Adults could take part in standard crafts and hobbies, such as sewing, knitting, woodcarving, flower arranging, bonsai, calligraphy, haiku poetry and the games of goh and shogi.
Like most teens and young adults, the Nisei gravitated toward activities like sports and social gatherings. With an average age of between 17 and 21, the Nisei quickly found ways to interact with each other. Numerous social clubs and youth organizations developed, holding get- togethers where they danced to 78-rpm recordings by Glenn Miller, Bing Crosby, Count Basie, and other popular music. There was even a traveling band that supplied live music on occasion. For many, it was the first time they had met young Japanese Americans from other areas.
Boy Scout and Girl Scout programs, a major part of Nisei life before the war, were revived at Heart Mountain. Koyasan Troop 379 was the largest, but soon 13 Boy Scout Troops and one Girl Scout Troop had been reactivated. The rustic environment lent itself to Scouting-related activities, such as swimming, hiking, and recreational camping on the banks of the Shoshone River and around Heart Mountain. Scouts led the raising of the flag and Pledge of Allegiance each morning, and they had a drum and bugle corps and a drill team for girls. They held meetings and jamborees with scouts from nearby Powell and Cody. It was during one of these jamborees that Norman Mineta and Alan Simpson met as youngsters and became lifelong friends and political allies, both serving in Congress as elected representatives.
Many Wyoming residents, who had initially opposed the presence of nearly 11,000 Japanese Americans in their midst, ultimately came to accept the internees who shopped and utilized services in nearby Cody and Powell. As restrictions began to ease, the internees were given opportunities to move from the camp to work or go to college in the Midwest or the East.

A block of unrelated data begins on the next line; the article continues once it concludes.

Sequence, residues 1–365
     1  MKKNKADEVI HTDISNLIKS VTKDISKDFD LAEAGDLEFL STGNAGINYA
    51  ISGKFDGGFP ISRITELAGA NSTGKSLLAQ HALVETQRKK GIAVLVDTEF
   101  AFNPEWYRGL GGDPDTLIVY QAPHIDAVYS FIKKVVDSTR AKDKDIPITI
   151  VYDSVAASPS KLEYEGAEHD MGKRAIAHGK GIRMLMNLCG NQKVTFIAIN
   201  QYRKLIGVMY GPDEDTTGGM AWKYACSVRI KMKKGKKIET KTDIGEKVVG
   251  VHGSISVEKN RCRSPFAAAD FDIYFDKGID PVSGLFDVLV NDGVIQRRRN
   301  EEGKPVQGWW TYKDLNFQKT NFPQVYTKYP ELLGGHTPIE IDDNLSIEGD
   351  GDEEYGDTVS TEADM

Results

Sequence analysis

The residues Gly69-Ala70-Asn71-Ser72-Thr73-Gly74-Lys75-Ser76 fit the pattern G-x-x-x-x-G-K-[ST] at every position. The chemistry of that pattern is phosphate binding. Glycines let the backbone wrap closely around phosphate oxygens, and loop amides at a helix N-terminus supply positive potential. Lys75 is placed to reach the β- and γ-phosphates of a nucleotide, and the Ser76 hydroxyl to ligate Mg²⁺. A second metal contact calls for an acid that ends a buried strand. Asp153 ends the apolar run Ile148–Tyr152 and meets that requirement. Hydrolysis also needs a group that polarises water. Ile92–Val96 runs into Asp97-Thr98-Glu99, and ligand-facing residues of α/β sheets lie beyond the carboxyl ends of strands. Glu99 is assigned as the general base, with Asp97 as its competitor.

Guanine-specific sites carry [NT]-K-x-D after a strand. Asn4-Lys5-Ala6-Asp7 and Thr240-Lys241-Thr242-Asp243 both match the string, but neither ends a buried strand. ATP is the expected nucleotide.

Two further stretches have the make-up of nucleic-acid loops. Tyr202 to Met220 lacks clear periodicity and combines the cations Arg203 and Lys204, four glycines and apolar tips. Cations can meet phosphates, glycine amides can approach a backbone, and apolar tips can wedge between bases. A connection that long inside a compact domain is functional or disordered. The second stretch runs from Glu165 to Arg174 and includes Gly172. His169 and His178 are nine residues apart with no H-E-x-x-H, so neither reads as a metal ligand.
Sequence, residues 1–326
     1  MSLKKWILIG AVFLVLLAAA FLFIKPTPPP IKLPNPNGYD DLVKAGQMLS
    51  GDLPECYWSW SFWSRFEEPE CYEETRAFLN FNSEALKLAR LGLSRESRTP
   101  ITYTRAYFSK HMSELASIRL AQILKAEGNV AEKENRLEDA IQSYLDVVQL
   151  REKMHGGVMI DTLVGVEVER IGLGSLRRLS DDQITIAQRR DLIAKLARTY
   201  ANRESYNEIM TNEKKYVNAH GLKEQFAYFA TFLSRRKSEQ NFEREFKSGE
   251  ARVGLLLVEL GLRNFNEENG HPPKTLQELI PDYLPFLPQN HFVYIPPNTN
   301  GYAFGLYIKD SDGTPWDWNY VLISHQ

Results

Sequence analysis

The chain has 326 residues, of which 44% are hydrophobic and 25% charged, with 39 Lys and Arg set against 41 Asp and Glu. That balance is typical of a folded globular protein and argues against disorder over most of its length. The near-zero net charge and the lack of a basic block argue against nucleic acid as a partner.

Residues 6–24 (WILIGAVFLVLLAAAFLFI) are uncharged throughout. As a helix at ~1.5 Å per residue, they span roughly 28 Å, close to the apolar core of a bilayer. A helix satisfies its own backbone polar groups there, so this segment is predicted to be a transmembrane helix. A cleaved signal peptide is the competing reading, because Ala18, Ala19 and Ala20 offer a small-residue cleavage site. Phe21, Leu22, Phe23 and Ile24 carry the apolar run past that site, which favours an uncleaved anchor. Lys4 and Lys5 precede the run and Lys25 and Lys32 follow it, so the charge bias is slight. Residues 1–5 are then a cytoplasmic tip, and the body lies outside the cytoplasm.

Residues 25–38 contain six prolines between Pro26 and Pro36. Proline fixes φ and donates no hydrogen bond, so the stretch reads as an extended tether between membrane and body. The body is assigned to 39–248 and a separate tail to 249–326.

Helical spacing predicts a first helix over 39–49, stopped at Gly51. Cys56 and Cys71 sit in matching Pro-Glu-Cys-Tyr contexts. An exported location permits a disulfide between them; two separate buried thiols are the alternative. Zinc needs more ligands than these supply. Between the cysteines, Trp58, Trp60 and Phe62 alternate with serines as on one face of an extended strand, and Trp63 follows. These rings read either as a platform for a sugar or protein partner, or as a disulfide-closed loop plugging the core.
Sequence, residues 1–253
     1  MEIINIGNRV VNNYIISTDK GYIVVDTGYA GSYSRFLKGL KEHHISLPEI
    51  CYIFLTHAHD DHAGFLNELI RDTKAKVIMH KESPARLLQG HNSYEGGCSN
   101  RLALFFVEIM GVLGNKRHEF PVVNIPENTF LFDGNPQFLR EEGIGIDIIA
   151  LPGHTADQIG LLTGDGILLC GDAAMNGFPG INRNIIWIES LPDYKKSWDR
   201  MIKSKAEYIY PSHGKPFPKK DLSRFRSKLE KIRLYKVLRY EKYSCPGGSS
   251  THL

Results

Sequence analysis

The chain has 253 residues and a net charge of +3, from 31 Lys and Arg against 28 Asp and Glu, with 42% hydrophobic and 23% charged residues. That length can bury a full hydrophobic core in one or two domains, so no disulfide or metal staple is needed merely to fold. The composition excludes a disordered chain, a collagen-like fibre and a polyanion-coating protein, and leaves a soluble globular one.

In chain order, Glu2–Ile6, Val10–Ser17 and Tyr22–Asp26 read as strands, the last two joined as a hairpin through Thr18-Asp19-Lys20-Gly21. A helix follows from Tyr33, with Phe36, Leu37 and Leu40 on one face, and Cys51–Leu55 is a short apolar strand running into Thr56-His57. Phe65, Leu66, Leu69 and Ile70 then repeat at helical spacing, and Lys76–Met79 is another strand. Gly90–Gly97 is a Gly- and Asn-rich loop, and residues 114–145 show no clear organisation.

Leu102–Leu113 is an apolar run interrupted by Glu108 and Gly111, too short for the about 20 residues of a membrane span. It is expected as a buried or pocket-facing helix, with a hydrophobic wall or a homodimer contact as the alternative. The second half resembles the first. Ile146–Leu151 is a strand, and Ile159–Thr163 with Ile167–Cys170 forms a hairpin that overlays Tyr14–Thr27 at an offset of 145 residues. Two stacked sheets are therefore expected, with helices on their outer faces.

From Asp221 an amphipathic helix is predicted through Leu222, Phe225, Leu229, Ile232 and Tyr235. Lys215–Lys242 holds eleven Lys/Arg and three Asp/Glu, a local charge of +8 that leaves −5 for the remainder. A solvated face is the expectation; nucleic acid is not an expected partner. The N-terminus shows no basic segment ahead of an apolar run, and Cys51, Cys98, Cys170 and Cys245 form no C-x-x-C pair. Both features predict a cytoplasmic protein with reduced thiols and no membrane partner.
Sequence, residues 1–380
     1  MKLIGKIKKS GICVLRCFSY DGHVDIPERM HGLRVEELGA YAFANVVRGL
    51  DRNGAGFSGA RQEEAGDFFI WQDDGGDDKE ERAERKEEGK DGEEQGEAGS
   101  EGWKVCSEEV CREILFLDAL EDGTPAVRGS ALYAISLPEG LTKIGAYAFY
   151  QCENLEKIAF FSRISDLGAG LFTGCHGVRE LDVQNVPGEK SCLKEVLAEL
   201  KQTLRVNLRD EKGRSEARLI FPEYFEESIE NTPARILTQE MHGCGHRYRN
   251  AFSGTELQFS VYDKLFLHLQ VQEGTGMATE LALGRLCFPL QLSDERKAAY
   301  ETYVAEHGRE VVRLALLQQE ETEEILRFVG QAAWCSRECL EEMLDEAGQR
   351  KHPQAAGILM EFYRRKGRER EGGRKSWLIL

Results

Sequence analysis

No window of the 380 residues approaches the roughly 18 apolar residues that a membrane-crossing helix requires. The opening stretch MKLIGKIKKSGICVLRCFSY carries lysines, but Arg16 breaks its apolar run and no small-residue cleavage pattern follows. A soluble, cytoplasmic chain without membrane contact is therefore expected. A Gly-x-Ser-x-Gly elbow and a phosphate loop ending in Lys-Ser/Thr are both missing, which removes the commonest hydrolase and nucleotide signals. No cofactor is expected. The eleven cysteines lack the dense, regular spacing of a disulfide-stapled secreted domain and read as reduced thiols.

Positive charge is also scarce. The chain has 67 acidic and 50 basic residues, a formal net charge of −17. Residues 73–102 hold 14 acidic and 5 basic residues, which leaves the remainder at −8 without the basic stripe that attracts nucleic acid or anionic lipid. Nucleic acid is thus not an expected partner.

Internees were allowed to return to the West Coast beginning in early 1945. Each person was given $25 and a train ticket. But only 2,000 people had left Heart Mountain by June 1945. Wyoming officials tried to discourage Japanese Americans from remaining in Wyoming and had earlier passed laws that prevented them from owning land and voting. Nevertheless, the last trainload of internees left Heart Mountain on November 10, 1945.
After World War II, most of the land and residential barracks were sold to former servicemen and hopeful farmers. Driving along Highway 14 today, it is possible to spot barracks-shaped storage sheds and barns, reminders of a unique albeit dark period in our nation's history.
Internees assemble for the morning flag-raising and reciting of the Pledge of Allegiance accompanied by the Boy Scout Drum and Bugle Corps.
-PHOTO BY HANSEL MIETH & OTTO HAGEL
Photos from left to right: (1) The Shishima family arrives at Heart Mountain; (2)A freight train arrives with crates containing the internees' belongings; (3)Dr. Tanaka fills a molar; and (4) Joan Ishiyama gets a smile out of a young internee.
Photos from left to right: (1) Bill Hosokawa teaches a writing class; (2)Moe Yonemura talks to young men about enlisting in the Army; (3)The trial begins for 63 Heart Mountain resisters on June 12, 1944; and (4) Children in nursery school.
Photos from left to right: (1) Interscholastic basketball game between Heart Mountain & Powell High Schools; (2)Three Boy Scouts take part in a morning flag ceremony; (3)An Issei plays a game of shogi; and (4) High school students gather between classes.
A crowd gathers to bid farewell to the first group of internees to leave Heart Mountain.Back to top